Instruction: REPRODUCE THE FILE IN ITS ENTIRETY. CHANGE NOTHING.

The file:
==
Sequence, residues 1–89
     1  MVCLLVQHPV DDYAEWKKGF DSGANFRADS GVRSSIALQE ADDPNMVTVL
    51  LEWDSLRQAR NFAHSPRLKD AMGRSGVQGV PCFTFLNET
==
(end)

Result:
Sequence, residues 1–89
     1  MVCLLVQHPV DDYAEWKKGF DSGANFRADS GVRSSIALQE ADDPNMVTVL
    51  LEWDSLRQAR NFAHSPRLKD AMGRSGVQGV PCFTFLNET